Thursday, June 27, 2013

Winners and honorary mentions in the triennal Architecture of Necessity have been announced

At Wood Summit Smaland at Virserum Art Museum the winners and the honorary mentions were announced by the jury at the evening dinner on 26 June.

Statement of the jury

Virserum Art Museum has invited contributions to a Triennale for an Architecture of Necessity in 2013. 225 contributions from 35 countries were sent in. A jury consisting of Claes Caldenby, Mohamed El-Sioufi, Sadie Morgan and Katarina Pelin has selected four winners. The winners of a similar competition in 2010, Tyin architects, were also invited to the jury. They could not participate in the jury meeting but gave their preferences separately to the jury.

Due to the great variety of the contributions and in many cases their high quality the jury has decided to award four prizes, representing different conditions and categories. The winners of the 2013 Triennale for an Architecture of Necessity are:

Liyuan Library by Li Xiaodong, Tsinghua university, China. For its beautiful use of a local material. together with modern recyclable ones, and for its meditative interpretation of the site. The small library  in a village near Beijing uses the nearby water for simple cooling and the public is invited to contribute to the book collection.

Watermark/One Angel Lane by Fletcher Priest architects, Great Britain. For its sensitive development of a site on the river Thames in central London, increasing public space while building a new hq for Nomura. The building reuses parts of existing structures and is classified as carbon neutral. It also has a kitchen garden, including beehives, introducing urban agriculture in the centre of the city and making a distinct environmental statement.

Locally manufactured school in Pakistan by Roswag Architekten, Germany. For its ingenious use and development of local materials, cooling cob and fast-growing bamboo, as well as proactive training of local artisans and job creation. The resulting school for girls has a pleasant climate both summer and winter and a resilience strategy for facing earthquake risks.

Christchurch recovery plan by Gehl architects, Denmark/Christchurch City Council, New Zealand. For its plan for rebuilding the New Zeeland town after the 2011 earthquake. It retains the existing city grid while limiting building heights, reducing car traffic and making the city greener, all based on a “social fabric fortified by catastrophe” and a diligent community engagement program thus rebuilding the urban fabric and the community.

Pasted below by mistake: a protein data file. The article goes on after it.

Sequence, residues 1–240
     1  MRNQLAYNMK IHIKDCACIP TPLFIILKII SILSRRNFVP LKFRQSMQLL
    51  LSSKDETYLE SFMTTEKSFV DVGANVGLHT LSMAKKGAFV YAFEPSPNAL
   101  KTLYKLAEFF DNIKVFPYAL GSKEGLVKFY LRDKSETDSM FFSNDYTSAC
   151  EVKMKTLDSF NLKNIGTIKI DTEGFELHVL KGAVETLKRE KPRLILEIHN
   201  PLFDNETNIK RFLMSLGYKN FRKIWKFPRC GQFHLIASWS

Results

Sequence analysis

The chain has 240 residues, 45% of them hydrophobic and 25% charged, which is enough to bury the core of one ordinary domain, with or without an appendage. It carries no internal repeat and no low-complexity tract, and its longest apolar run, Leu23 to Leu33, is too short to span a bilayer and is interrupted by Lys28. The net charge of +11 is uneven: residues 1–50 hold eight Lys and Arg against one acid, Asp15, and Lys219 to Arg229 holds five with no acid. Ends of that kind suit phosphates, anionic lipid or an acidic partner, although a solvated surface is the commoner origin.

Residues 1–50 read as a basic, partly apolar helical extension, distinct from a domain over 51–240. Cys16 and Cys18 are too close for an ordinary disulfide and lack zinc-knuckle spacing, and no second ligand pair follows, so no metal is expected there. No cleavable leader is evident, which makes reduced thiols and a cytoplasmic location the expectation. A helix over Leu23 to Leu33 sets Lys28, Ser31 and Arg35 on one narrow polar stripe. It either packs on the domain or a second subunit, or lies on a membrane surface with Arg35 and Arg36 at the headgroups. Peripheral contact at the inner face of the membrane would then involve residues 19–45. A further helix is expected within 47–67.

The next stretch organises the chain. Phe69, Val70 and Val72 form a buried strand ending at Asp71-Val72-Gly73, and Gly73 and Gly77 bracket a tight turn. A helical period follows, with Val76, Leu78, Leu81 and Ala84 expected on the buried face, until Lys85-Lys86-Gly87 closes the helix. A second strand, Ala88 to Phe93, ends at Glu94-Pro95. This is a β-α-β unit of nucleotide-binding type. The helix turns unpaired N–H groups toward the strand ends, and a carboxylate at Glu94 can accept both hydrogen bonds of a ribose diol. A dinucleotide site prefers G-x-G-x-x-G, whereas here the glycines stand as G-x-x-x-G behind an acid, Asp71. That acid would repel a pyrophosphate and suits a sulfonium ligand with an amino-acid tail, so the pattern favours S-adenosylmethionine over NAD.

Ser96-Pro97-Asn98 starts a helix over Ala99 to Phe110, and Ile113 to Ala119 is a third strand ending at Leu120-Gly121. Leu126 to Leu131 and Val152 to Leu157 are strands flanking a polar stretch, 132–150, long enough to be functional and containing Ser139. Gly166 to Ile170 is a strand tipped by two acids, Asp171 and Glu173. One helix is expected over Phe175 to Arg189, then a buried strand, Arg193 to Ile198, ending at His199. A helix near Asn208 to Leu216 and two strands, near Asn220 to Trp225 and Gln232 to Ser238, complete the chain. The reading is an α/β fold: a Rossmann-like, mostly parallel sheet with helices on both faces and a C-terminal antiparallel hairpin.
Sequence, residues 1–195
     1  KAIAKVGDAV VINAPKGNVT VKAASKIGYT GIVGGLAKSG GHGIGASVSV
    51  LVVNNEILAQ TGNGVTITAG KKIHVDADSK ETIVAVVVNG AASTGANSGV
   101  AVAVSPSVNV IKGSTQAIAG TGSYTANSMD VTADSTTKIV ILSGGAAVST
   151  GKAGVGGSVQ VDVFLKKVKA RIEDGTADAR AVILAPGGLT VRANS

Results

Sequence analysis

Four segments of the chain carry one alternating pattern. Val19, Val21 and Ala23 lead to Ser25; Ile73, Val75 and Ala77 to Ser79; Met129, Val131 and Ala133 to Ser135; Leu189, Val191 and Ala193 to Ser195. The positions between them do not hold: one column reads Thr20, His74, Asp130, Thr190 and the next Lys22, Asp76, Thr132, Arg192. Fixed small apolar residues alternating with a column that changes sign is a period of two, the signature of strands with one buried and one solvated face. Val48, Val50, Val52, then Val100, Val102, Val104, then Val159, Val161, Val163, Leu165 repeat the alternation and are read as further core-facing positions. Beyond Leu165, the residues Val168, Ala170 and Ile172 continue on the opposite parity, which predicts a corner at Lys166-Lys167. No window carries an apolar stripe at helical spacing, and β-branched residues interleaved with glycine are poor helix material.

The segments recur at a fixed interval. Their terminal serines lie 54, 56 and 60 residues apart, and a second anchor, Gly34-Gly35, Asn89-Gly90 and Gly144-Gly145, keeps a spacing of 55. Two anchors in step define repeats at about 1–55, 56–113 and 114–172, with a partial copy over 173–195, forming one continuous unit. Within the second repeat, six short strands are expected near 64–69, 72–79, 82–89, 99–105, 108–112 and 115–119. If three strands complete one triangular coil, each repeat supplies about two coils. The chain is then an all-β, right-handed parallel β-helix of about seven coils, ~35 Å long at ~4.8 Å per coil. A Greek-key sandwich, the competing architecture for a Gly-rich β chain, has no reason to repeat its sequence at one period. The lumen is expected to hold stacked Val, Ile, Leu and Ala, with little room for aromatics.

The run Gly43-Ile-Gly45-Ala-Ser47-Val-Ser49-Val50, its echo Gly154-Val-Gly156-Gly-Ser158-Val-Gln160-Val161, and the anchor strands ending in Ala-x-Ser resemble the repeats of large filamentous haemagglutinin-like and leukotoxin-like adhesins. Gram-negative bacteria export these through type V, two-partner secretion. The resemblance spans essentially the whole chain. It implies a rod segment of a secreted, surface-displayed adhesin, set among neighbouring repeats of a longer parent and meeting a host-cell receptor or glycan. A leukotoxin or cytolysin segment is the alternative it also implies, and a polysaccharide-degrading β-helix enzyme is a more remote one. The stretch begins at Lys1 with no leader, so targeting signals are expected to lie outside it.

Besides that the jury wishes to commend the following contributions for interesting concepts in different fields of sustainable architecture and planning:

For their contributions on slum upgrading in the developing world:

The Big Necessity by Anna Sundman, Sweden. For its prototype eco-toilet built in Fiji, solving multiple challenges and combining local customs and materials with modern techniques.

Model of slum upgrading in Kibera, Kenya by Kounkuey Design Initiative, USA. For its network of micro-interventions enhancing public space through participatory design processes.

For their examples of technological developments:

Innovative timber housing for rural Wales by Rob Thomas, Welsh school of architecture. For its development of a new construction system of wooden houses using fast-growing, second rate Sitka spruce.

Artis hq in Berlin by Roswag Architekten, Germany. For its consequent use of passive strategies and best practices to create a small industry building far better than contemporary requirements.

For their contributions on planning issues:

Bishang-Ang Mo Kio Park in Singapore by Atelier Dreiseitl, Germany. For its transformation of a concrete channel into an attractive park for community integration, giving both water supply and flood protection as well as recreational space in a dense city.

Växjö plan by Växjö municipality, Sweden. For its diligent use of public discussion of the sustainable development of a middle-sized town and for its creative implementation of new uses of a local material, wood.

The jury has given a certain priority to built projects, considering the well-known “implementation deficit” in sustainable building. The jury also would have liked to see more contributions on upgrading of housing estates from the 1960s and 1970s around the world, a highly pressing issue in the near future. Projects which propose sharing of resources in the form of co-housing would also have been welcome